Days Gone Bad, by Eric R. Asher (3:21)

IOD-DaysGoneBadToday we see that galloping I disease isn’t just about the narrator—other characters can trigger it too.

What I gleaned about the story: Damian sees dead people. Like his sister, Beth, who might be a vampire. And together they fight crime. I think.

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WTF #1: Echoing headwords

Analysis: A pair of “I”-sentences to start the second paragraph. Echoes that early in a book are quite loud, because we’ve had so little story by that point that every word is of greater significance. And in my case, when three of the first five sentences start with the same word, i take it as a loud warning. Hopefully now that I’ve flagged it, my echo-demons can rest a while.

WTF #2: Conspicuous exposition

Analysis: In paragraph three, the narrator answers the telephone. As he reaches for it, we get: My eyes passed over the outdated wood paneling on my ceiling and walls, taking in the meager light from two small lamps while I swallowed my dinner. To me, this feels forced and unnatural. When you reach for the phone, you look at the phone. Your eyes might pass over the paneling, but it’s your house. You stopped seeing the paneling consciously about two weeks after you moved in. I totally get that authors need to establish their setting, but doing so with narration that contradicts basic human psychology conflicts takes the reader into the uncanny valley. The character just feels wrong. Alien. And definitely not somebody whose world view I’d want to get cozy with.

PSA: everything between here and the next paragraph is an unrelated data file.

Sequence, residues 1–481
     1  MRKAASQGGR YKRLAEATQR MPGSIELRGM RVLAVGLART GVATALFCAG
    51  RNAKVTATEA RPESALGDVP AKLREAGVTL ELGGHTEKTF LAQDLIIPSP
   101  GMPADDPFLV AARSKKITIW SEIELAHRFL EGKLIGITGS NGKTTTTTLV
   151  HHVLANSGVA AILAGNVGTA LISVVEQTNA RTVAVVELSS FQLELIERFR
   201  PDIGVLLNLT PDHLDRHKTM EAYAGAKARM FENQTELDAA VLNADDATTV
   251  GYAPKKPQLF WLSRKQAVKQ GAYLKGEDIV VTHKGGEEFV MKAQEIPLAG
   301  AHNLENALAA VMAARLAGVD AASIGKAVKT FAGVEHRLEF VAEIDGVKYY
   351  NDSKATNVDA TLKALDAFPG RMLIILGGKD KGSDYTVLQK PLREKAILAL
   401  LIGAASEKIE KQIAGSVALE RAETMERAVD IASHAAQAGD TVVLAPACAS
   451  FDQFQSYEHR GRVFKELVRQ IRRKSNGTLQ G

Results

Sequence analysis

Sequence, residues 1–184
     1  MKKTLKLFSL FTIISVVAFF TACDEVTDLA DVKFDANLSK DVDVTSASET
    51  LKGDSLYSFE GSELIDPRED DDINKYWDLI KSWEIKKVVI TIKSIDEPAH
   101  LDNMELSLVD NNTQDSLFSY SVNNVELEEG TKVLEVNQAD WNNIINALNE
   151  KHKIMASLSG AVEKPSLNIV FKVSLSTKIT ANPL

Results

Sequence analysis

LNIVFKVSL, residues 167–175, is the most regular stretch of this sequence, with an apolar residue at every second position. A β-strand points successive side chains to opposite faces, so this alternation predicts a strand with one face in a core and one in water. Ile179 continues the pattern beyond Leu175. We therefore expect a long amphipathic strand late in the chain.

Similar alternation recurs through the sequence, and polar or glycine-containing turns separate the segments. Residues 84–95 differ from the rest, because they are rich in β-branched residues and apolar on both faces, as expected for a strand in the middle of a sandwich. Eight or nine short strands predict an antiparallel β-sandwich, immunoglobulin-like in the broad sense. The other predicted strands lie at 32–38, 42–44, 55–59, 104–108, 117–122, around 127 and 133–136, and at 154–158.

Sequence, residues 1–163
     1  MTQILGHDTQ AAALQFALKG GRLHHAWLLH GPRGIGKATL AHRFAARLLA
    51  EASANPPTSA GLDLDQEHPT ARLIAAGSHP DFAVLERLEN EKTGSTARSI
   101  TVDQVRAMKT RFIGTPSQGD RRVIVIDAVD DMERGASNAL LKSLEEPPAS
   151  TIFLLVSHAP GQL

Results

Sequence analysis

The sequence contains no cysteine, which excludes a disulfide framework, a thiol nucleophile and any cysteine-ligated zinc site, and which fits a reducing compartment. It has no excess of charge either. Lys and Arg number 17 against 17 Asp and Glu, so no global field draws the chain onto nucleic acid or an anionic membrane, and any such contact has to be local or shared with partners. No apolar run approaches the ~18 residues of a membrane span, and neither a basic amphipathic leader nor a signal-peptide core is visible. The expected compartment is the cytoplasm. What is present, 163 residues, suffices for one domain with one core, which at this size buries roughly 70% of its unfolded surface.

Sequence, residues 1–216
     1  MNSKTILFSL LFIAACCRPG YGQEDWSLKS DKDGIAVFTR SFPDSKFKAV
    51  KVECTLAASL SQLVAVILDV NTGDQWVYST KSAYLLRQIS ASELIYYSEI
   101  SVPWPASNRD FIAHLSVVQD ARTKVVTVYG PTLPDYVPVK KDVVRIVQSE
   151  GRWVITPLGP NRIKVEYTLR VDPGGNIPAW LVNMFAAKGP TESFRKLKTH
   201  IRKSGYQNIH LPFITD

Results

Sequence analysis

WTF #3: Galloping “I” disease

Analysis: My radar was already pinging from the earlier sentences, and since we’re in 1st POV, there have been a ton of I-references already. But when his sister threw a long string of I-sentences into her dialogue as well, I pulled the plug. In her case it might actually be rhetorically justified, but hearing all that narrative “I”-sentences has completely drained my tolerance for it, justified or otherwise.


Exodus, by Andreas Christensen (3:03)
The Group, by Kevin R. Doyle (9:30)

About the author

Jefferson Smith is a Canadian fantasy author, as well as the founder, chief editor and resident proctologist of ImmerseOrDie. With a PhD in Computer Science and Creativity Systems compounded by a life spent exploring most art forms for fun and profit, he is underqualified in just about everything. That's why he writes.